US 77489 A
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JARVIS HOWE, OF MILFORD, MASSACHUSETTS.
Letters Patent No. 77,489, dated May 5, 1868.
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TO ALL WHOM IT MAY'OONOERN:
Be it known that I, JARVIS HOWE, of Milford, in the county of Worcester, and State of Massachusetts, have invented a new and improved Boot-Form; and I do hereby declare that the following is a full, true, and exact description of the same, reference being had to the accompanying drawings.
My improved form is constructed in three main parts, A, B, and C, the two first being of wood, and the third of some suitable metal. I ordinarily use composition. The shape of the parts and the method of putting them together are sufliciently shown in the drawings, especially in .Figures 5 and 6, which show the parts A and B in perspective, and Figures 3 and 4, which are sections through the lines a: a: and y 3 respectively.
The thimble D, (to receive the end of the crimp-screw) is inserted in a chamber in the part Gyas shown in figs. 3 and 4, fig. '3 being a plan of the part 0, with part of one of its sides, (that part which forms one wall of the chamber) removed, in order to show the interior of the chamber.
This thimble rests upon a pivotal: the bottom of the chamber, and also upon notches cntuintwo walls of the chamber. It is so held in the chamber by means of the-pins b b, the washer c, and spring ii, that it can be pulled out farenough to allow the lugs on the plate a, to be shifted to the difi'erent notches. When so shifted,
the spring brings it back again to its proper position. Thepins b 6 pass entirely through the walls of the chamher over the washer e.
Boot-forms, heretofore, have been commonly made entirely of wood, in one piece, and the main object of my invention is to remedy the defects in forms so made.
The first part of my invention relates to the edge of the boot-form. All forms now in use are made wholly of wood, (except the thimble forthe end of the crimp-screw,) and the edge, when the wood becomes wet, from the wet leather of the boot-front, is liable to be compressed out of shape, from the pressure of the boot-front upon it, when the boot-form becomes practically worthless.
' To remedy this evil, I make that part of the edge of my bo0t-form, upon which the principal strain comes, of metal. The best method of applying this metal edge known tome, is by means of the flange and shoulders, as
shown in Figure 2, in section. It is obvious that this part of my invention may be made use of with advantage,
to improve the common form now in use, bycutting away the whole or a. part of its edge, and applying a metal piece, all as shown in fig. 2. This metal edge so applied would also, strengthen the form.
The second part of my invention relates, first, to strengthening the form; and, second, to preventing waste of lumber in its manufacture; and, third, to replacing worn-out forms. From the shape of the wooden form now in use, it is obvious that the foot-part is very liable to,be accidentally broken off, unless the grain of the wood happens to run in a particular way. It is also obvious that there must be a great waste of lumber in manufacturing this form.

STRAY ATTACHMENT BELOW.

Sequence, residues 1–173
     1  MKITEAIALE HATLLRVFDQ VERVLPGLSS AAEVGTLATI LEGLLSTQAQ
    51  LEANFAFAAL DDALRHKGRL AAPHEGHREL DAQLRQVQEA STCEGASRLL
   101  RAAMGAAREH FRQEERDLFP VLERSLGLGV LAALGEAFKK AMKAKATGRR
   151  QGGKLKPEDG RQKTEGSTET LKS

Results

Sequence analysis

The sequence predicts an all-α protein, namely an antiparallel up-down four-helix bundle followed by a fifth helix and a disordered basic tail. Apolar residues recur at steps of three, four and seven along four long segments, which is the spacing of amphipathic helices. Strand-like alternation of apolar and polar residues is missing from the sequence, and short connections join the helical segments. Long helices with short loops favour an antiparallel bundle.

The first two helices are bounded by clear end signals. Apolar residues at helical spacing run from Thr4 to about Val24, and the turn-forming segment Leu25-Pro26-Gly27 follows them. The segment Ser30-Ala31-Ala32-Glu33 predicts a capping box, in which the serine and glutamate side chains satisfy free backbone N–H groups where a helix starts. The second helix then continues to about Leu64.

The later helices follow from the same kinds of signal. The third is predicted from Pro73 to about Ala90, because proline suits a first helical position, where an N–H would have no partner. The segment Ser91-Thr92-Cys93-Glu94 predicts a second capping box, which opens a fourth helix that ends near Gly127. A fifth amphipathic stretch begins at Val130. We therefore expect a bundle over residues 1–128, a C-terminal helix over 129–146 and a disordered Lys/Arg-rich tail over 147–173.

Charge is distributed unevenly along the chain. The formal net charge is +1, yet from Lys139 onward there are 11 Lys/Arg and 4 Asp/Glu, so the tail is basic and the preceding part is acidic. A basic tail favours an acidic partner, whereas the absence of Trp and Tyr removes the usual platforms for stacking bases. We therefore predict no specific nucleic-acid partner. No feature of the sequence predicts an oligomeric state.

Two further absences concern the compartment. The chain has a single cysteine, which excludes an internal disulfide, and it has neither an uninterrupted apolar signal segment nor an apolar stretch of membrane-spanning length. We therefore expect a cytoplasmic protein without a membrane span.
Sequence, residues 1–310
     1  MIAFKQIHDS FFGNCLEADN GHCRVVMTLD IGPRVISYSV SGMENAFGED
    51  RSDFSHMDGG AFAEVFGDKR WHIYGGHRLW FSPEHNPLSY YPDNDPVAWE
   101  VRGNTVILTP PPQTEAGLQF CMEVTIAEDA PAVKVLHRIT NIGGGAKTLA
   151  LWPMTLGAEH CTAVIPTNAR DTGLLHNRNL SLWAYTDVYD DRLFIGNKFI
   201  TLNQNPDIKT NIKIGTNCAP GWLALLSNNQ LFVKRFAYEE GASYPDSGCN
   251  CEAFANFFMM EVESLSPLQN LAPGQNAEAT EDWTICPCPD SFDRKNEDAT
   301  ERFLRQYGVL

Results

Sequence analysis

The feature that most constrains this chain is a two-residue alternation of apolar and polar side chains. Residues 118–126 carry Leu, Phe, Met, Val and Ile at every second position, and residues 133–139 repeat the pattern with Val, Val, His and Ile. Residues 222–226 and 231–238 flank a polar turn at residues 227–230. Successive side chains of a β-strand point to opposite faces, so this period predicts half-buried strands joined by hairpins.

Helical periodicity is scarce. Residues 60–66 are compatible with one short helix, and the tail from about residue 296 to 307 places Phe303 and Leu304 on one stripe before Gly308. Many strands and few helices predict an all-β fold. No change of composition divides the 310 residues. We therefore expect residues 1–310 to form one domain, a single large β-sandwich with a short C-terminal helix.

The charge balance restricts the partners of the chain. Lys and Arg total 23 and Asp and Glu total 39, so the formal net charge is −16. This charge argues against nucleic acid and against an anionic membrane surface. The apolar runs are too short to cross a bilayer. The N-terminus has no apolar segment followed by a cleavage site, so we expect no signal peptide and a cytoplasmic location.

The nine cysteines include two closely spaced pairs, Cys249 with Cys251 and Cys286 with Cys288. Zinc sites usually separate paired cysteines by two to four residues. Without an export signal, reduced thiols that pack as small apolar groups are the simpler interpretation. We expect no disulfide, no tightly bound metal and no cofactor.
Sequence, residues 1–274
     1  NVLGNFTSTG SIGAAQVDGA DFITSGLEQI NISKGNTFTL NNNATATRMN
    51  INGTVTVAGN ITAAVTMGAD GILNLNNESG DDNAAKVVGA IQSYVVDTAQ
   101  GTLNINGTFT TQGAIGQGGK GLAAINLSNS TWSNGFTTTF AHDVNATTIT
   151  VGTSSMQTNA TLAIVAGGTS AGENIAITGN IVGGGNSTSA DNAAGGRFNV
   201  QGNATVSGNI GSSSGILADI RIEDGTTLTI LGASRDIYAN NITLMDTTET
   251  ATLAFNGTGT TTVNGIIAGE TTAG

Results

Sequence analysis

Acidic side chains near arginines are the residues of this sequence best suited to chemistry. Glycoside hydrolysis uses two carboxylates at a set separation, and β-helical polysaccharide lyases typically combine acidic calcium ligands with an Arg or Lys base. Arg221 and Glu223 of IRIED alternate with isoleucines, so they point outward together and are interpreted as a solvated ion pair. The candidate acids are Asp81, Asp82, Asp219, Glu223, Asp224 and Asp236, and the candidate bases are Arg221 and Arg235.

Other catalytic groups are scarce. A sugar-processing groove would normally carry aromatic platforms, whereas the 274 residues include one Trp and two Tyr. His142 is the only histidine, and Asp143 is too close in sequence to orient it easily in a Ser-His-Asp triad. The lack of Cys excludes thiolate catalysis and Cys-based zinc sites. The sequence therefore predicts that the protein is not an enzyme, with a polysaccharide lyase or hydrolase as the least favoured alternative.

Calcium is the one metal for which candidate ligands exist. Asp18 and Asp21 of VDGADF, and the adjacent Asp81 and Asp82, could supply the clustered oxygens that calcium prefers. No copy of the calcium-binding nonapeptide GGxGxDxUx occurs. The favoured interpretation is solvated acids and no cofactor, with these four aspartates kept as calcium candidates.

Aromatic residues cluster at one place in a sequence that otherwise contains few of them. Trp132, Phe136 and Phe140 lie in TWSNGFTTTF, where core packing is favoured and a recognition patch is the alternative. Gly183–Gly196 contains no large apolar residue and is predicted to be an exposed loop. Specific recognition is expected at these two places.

By making the foot and leg-parts of my form in separate pieces, and uniting them by-a suitable metal piece,
I obviate both these objections, and am also enabled to use a cheaper quality of lumber. Making the foot and leg-parts of my form in separate pieces also enables me to gain a third advantage, which relates to replacing those parts of the form to which it is necessary to tack the fronts of the boot after the form is so much injured by these tack-holes as to be comparatively worthless, the great majority of the forms. consumed by the trade being thrown aside because of this wear of these parts. In my form these parts, (the leg and foot-parts A and B,) are manufactured to fit the metal part 0, so that when these parts are worn out they can be replaced, thus, to all practical intents and purposes, supplying the manufacturer with new forms, at a much cheaper rate than the wooden forms can be supplied.
- The third part of my invention relates to changing the draught of the crimp-screw, by adjusting the thimble, which receives one end of this screw. This I do by shifting the lug on the plate a to the difl'erent notches. This part of my invention is useful in any boot-form, although a shorter thimble must be used whenit is aflixed .to a form without a metal piece, as it would render a wooden form too weak to have a deep chamber cut in it.
' What I claim as myinvention, and desire to secure by Letters Patent, is-
1. As an article of manufacture, a. boot-form, having a metal edge, substantially as and for the purpose specified.
2. The combinationof the parts A, B, and C, substantially as and for the purpose specified. 3.- The thimble, when combined with a. plate, having lugs and the notches, substantially as and for the purpose specified.
4. As articles of manufacture, the parts A and B, when constructed and arranged for use on the part C,
eueh substantially as described. I
5- The arrangement of the piece D in the chamber, substantially as shown. 6. A boot-form, the leg and foot-parts of which are separate pieces, united together by a third piece, substantially as described and for the purpose specified JARVIS HOWE.
CHAS. F. SLEEPER, J. E. MAYNADIER.